Ernest Charles Vanwart, 49,
and Kelvin Hamm, 43, both of
Starke, were arrested June 16 by
Starke Sgt. William Murray for
retail theft. Hamm and Vanwa t
were .charged With removing'
several items and lea\ ing Winn'
Dixie without paying for the
merchandise. Bond on the
charge was set at $1,000.


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Page 6B TELEGRAPH, TIMES & MONITOR-B-SECTION June 21, 2007


CRIME


Recent
arrests
in Bradford,
Clay or Union
The following individuals
were arrested recently by local
law enforcement officers in
Bradford, Clay (Keystone
Heights area) or Union County:

Alton Lamar Moore, 45, of
Jacksonville was arrested June
17 by Sgt. Murray for
shoplifting. Moore was charged
with stealing a package of spare
ribs valued at $9.25 from Save
A Lot. He put the meat in his
pants and attempted to leave the
store, Sgt. Murray said. Moore
was also charged on out of
county warrants.
Jason Dewayne Thompson,
26, of Starke was arrested June
17 by Starke Patrolman Shawn
Brown for possession of a
controlled substance after -he
was found with a gram of
powder cocaine. Bond was set at
$15,000..
Shannon Kling, 23, Jennifer
Schneider, 25, and Ian Pierce
Lawless, 35, all of Starke, were
arrested June 18 by Patrolman
Brown during a traffic stop.
Lawless was charged on a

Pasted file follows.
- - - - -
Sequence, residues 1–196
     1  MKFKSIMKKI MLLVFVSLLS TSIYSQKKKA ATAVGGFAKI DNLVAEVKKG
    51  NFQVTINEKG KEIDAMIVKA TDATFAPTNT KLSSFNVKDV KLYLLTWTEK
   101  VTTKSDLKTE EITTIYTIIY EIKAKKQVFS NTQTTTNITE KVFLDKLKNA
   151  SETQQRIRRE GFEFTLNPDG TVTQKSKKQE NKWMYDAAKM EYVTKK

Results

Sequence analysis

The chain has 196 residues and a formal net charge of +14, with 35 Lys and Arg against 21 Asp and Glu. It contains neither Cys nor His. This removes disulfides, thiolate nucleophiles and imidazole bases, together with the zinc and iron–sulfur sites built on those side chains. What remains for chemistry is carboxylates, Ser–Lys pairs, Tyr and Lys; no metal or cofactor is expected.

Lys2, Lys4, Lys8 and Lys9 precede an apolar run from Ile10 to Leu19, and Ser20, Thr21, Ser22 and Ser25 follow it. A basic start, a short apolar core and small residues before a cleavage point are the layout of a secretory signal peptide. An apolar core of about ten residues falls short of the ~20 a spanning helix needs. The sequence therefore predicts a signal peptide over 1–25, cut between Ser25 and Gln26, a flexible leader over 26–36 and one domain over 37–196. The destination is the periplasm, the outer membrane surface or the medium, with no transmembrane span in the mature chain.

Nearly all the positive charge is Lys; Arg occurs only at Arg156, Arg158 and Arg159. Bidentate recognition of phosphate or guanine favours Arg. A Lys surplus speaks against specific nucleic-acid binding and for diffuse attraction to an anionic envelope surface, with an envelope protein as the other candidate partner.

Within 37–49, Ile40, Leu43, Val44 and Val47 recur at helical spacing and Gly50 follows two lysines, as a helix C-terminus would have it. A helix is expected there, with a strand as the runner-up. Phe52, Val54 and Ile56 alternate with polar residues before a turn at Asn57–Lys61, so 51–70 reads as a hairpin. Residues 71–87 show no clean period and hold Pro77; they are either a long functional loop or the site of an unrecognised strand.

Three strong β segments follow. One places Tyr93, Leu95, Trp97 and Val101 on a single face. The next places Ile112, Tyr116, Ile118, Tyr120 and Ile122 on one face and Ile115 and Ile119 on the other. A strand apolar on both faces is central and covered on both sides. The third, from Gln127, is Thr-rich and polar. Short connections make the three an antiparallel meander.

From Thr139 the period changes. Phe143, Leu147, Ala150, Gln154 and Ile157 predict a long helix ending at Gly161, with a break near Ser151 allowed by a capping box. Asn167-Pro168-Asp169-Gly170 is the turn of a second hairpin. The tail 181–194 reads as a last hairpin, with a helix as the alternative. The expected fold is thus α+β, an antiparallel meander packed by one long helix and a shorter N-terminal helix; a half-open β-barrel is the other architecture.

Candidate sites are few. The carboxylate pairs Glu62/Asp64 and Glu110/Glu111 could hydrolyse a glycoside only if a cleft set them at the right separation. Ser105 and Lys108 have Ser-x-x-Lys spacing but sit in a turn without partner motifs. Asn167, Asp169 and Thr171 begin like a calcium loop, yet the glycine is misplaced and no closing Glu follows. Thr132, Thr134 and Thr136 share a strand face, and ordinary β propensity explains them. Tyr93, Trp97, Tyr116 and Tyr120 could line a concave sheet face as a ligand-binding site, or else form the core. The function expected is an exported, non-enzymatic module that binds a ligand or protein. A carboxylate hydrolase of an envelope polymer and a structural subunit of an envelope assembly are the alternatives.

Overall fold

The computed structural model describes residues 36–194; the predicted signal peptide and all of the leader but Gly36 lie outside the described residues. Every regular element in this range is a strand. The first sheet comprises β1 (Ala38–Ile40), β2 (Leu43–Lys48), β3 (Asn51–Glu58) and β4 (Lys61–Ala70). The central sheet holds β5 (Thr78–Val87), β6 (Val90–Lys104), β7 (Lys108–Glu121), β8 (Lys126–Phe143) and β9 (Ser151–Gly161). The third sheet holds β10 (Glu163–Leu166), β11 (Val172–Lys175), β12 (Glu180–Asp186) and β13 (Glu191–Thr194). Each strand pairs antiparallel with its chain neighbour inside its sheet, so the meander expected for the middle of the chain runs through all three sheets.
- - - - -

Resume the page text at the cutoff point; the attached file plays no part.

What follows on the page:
Georgia warrant as a fugitive.
Kling and Schneider were
charged possession of drug
paraphernalia after a glass pipe
with narcotic residue was found
in the vehicle.
Brian Rosier, 28, of
Hampton was arrested June 12
by Patrolman Crosby for
trespass. Police called to
Orangewood Apartments found
Rosier in one of the units after
being issued a trespass warning.
A $1,000 surety bond was
posted for his release from
custody.
Roy Dwayne Clark, 31, of
Green Cove Springs was
arrested June 13 by Starke
Patrolman P.A. King for
fleeing and attempting to elude.
Clark fled from the officer as he
attempted to traffic stop the
vehicle for faulty equipment.
Clark's pickup stopped on Ash
Street and he attempted to flee
on foot, but was apprehended,
Patrolman King said. Bond was
set at $3,000.
Ricky Lavon Gainey, 20, of
Starke was arrested June 11 by
Patrolman Davis for breach of
peace, disorderly conduct.
Gainey was charged with
throwing rocks and yelling
loudly ,during an altercation
behind T.H.E. Apartments. A
$1,000 surety bond was posted
for his release.
Juan Estrada Garrido, 41, of
Lake Butler was arrested June
16 by Union Deputy Mindy
Goodwin for disorderly
intoxication. Garrido was found


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Ryan Byrd, 20, of Keystone
Heights was arrested June 13 by
Clay deputies on a warrant for
aggravated assault battery.
Terry Head, 46, of Melrose
was arrested June 14 by Clay
deputies on warrant for
violation of injunction for
protection,, criminal mischief
and tampering with a witness.
David Bridges Prescott, 29,
of Brooker ws arrested June. 14
by Deputy Goodwin on a
warrant for violation of felony
probation. Bond was set at
$5,000.
Daniel John Varnes, 29, of
Lake Butler was arrested June
13 by Union Sgt. Raymond
Shuford on a warrant for
aggravated battery. Bond was
set at $25,000.
Lavar Demerion Mills, 28,
of Jacksonville was arrested